This title includes a number of Open Access chapters.
As the world’s energy hunger grows ever larger, fossil fuel reserves are diminishing—and concerns about climate change remind us that our love affair with fossil fuels cannot continue much longer. This has inspired intense research into sustainable energy sources. Biofuels seemed initially promising, but the world soon realized that food-based biofuel has its own dangers. Second-generation biofuels, however, use biomass from crops' inedible parts—such as the stalks and leaves of sugarcane—offering a far more practical, sustainable, and commercially viable solution.
In this book, researchers from around the world review some of the most important and timely topics related to using sugarcane feedstock for biofuel. After a basic overview, topics such as these are included:
- Pretreatment methods
- The use of various microbial technologies, including bacteria and yeast, to enhance biofuel production
- Environmental impacts
- Economic feasibility
- The viability of electricity being produced side by side with biofuel
Essential reading for graduate students and research scientists investigating second-generation biofuels, this book is also recommended for environmentalists, environmental engineers, and microbiologists.
Table of Contents
Part I: Overview
Sugarcane Biomass Production and Renewable Energy; Moses Isabirye, D. V. N Raju, M. Kitutu, V. Yemeline, J. Deckers, and J. Poesen
Evaluating the Composition and Processing Potential of Novel Sources of Brazilian Biomass for Sustainable Biorenewables Production; Marisa A. Lima, Leonardo D. Gomez, Clare G. Steele-King, Rachael Simister, Oigres D. Bernardinelli, Marcelo A. Carvalho, Camila A. Rezende, Carlos A. Labate, Eduardo R. deAzevedo, Simon J. McQueen-Mason, and Igor Polikarpov
Part II: Cultivation and Optimization Processes
Towards the Production of Second Generation Ethanol from Sugarcane Bagasse in Brazil; T. P. Basso, T. O. Basso, C. R. Gallo, and L. C. Basso
Obtaining New Cultures of Microorganisms That Produces Cellulases and Xylanases from the Sugarcane Bagasse; Ludmylla Noleto, Daniella Moreira, and Fabrícia Faria
Design and Optimization of Ethanol Production from Bagasse Pith Hydrolysate by a Thermotolerant Yeast Kluyveromyces sp. IIPE453 Using Response Surface Methodology; Diptarka Dasgupta, Sunil Kumar Suman, Diwakar Pandey, Debashish Ghosh, Rashmi Khan, Deepti Agrawal, Rakesh Kumar Jain, Vasanta Thakur Vadde, and Dilip K Adhikari
Ultra-Structural Mapping of Sugarcane Bagasse After Oxalic Acid Fiber Expansion (OAFEX) and Ethanol Production by Candida Shehatae and Saccharomyces Cerevisiae; Anuj K. Chandel, Felipe F. A. Antunes, Virgilio Anjos, Maria J. V. Bell, Leonarde N. Rodrigues, Om V. Singh, Carlos A. Rosa, Fernando C. Pagnocca, and Silvio S. da Silva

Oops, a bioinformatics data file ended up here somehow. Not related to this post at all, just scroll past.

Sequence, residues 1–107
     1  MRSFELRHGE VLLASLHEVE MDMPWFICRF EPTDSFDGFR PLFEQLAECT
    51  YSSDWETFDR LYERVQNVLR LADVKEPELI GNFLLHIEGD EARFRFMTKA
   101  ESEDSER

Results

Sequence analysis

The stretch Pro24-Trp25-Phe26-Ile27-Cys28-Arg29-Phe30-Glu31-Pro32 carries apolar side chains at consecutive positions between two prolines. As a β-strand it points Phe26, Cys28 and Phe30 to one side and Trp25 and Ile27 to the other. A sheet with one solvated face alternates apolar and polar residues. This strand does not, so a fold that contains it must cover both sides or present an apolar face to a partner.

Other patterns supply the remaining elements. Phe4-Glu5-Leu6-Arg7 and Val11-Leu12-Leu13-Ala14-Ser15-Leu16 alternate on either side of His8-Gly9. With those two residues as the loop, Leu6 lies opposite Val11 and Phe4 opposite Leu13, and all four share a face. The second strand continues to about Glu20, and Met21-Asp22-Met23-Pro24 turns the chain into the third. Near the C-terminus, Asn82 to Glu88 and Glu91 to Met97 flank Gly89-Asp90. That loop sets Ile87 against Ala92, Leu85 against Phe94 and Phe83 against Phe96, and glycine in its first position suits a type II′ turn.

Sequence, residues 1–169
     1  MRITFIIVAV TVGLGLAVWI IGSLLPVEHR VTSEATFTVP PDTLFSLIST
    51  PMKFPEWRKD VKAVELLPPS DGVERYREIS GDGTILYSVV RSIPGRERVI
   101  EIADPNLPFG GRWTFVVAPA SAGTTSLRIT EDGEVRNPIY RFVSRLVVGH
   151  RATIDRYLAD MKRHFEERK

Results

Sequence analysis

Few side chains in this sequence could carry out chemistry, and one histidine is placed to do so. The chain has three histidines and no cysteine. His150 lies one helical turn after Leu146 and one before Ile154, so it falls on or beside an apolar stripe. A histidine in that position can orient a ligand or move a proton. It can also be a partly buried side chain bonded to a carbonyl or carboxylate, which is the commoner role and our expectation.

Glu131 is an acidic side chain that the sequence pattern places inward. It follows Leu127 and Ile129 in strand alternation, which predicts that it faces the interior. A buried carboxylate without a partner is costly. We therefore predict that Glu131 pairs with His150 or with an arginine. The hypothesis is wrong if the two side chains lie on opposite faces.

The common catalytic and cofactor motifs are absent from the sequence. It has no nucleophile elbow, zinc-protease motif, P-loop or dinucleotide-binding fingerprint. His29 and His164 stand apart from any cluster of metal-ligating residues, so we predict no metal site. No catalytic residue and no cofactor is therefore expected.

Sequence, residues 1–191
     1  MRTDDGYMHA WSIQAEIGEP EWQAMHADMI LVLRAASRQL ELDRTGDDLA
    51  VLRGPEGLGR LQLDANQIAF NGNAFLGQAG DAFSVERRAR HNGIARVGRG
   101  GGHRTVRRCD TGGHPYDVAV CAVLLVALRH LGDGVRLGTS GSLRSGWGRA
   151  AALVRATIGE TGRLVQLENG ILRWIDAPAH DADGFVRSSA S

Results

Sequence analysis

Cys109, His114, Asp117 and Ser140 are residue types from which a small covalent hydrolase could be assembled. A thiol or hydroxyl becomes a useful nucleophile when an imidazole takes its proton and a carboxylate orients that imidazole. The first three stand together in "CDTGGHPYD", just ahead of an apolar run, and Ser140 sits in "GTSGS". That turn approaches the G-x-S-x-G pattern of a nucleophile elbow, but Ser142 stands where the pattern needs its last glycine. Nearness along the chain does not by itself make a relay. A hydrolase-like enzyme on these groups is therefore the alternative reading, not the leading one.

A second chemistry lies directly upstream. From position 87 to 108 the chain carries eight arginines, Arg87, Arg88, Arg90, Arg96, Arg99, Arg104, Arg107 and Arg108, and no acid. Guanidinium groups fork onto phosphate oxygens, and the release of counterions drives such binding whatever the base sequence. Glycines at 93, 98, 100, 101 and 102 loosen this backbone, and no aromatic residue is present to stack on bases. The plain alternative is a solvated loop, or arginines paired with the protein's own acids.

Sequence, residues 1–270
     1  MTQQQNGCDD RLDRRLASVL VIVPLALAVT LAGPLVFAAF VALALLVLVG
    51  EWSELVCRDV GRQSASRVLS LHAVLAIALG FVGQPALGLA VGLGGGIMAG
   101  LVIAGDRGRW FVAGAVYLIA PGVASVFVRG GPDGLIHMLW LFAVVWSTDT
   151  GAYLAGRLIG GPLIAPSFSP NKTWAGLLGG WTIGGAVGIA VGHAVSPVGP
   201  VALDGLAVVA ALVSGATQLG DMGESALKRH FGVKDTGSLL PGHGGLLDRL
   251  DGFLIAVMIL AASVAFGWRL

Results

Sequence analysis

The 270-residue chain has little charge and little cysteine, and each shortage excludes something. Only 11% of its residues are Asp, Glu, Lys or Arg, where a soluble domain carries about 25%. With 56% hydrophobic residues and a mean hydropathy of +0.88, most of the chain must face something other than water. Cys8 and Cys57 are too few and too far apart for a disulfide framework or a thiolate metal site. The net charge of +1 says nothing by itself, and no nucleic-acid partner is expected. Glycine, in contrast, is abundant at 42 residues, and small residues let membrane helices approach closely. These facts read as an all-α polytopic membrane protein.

Combined Biological and Chemical Pretreatment Method for Lignocellulosic Ethanol Production from Energy Cane; V. Sri Harjati Suhardi, Bijeta Prasai, David Samaha, and Raj Boopathy
A Novel Promising Trichoderma Harzianum Strain for the Production of a Cellulolytic Complex Using Sugarcane Bagasse in Natura; Bruno Benoliel, Fernando Araripe Gonçalves Torres, and Lidia Maria Pepe de Moraes
Conversion of C6 and C5 Sugars in Undetoxified Wet Exploded Bagasse Hydrolysates Using Scheffersomyces (Pichia) Stipitis CBS6054; Rajib Biswas, Hinrich Uellendah, and Birgitte K. Ahring
Part III: Economic and Environmental Factors
Bioelectricity Versus Bioethanol from Sugarcane Bagasse: Is It Worth Being Flexible?; Felipe F. Furlan, Renato Tonon Filho, Fabio H. P. B. Pinto,
Caliane B. B. Costa, Antonio J. G. Cruz, Raquel L. C. Giordano, and Roberto C. Giordano
Environmental Assessment of Residues Generated After Consecutive Acid-Base Pretreatment of Sugarcane Bagasse by Advanced Oxidative Process; Ivy dos Santos Oliveira, Anuj K. Chandel, Messias Borges Silva, and Silvio Silvério da Silva
Part IV: Options for the Future
Comparative Analysis of Electricity Cogeneration Scenarios in
Sugarcane Production by LCA; João Paulo Macedo Guerra, José Roberto Coleta Jr., Luiza Carvalho Martins Arruda, Gil Anderi Silva, and Luiz Kulay
Techno-Economic Comparison of Ethanol and Electricity Coproduction Schemes from Sugarcane Residues at Existing Sugar Mills in Southern Africa; Abdul M. Petersen, Mathew C. Aneke, and Johann F. Görgens
Barnabas Gikonyo graduated from Southern Illinois University, Carbondale, Illinois (2007), with a PhD in organic and materials chemistry. He currently teaches organic and general chemistry classes at the State University of New York Geneseo, along with corresponding laboratories and the oversight of general chemistry labs. His research interests range from the application of various biocompatible, polymeric materials as "biomaterial bridging surfaces" for the repair of spinal cord injuries, to the use of osteoconductive cements for the repair of critical sized bone defects/fractures. Currently, he is studying the development of alternative, non-food biofuels.